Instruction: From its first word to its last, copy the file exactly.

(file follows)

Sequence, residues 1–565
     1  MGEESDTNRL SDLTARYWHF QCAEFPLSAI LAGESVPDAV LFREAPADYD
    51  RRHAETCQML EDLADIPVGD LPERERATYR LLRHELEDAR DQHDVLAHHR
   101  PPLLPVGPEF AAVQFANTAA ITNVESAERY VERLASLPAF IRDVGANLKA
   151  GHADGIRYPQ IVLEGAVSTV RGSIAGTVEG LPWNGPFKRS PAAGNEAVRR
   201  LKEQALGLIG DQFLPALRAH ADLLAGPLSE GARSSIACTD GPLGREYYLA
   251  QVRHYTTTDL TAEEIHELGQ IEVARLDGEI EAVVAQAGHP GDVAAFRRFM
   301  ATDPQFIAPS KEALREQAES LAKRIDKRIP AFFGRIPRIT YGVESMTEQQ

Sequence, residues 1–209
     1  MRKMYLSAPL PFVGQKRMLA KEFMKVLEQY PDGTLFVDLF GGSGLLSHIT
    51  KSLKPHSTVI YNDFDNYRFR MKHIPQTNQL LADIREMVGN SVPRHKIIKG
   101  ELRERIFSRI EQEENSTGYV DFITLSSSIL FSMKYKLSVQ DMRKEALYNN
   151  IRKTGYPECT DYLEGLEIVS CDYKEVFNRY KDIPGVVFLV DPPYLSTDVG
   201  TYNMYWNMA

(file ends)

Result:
Sequence, residues 1–565
     1  MGEESDTNRL SDLTARYWHF QCAEFPLSAI LAGESVPDAV LFREAPADYD
    51  RRHAETCQML EDLADIPVGD LPERERATYR LLRHELEDAR DQHDVLAHHR
   101  PPLLPVGPEF AAVQFANTAA ITNVESAERY VERLASLPAF IRDVGANLKA
   151  GHADGIRYPQ IVLEGAVSTV RGSIAGTVEG LPWNGPFKRS PAAGNEAVRR
   201  LKEQALGLIG DQFLPALRAH ADLLAGPLSE GARSSIACTD GPLGREYYLA
   251  QVRHYTTTDL TAEEIHELGQ IEVARLDGEI EAVVAQAGHP GDVAAFRRFM
   301  ATDPQFIAPS KEALREQAES LAKRIDKRIP AFFGRIPRIT YGVESMTEQQ

Sequence, residues 1–209
     1  MRKMYLSAPL PFVGQKRMLA KEFMKVLEQY PDGTLFVDLF GGSGLLSHIT
    51  KSLKPHSTVI YNDFDNYRFR MKHIPQTNQL LADIREMVGN SVPRHKIIKG
   101  ELRERIFSRI EQEENSTGYV DFITLSSSIL FSMKYKLSVQ DMRKEALYNN
   151  IRKTGYPECT DYLEGLEIVS CDYKEVFNRY KDIPGVVFLV DPPYLSTDVG
   201  TYNMYWNMA